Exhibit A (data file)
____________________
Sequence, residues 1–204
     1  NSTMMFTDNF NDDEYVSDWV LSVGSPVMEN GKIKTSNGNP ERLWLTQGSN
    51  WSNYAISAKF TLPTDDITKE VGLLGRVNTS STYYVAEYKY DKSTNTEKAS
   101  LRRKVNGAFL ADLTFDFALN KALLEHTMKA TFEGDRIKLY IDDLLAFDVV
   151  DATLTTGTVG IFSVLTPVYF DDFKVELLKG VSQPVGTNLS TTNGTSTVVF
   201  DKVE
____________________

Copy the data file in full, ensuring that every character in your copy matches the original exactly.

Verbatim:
Sequence, residues 1–204
     1  NSTMMFTDNF NDDEYVSDWV LSVGSPVMEN GKIKTSNGNP ERLWLTQGSN
    51  WSNYAISAKF TLPTDDITKE VGLLGRVNTS STYYVAEYKY DKSTNTEKAS
   101  LRRKVNGAFL ADLTFDFALN KALLEHTMKA TFEGDRIKLY IDDLLAFDVV
   151  DATLTTGTVG IFSVLTPVYF DDFKVELLKG VSQPVGTNLS TTNGTSTVVF
   201  DKVE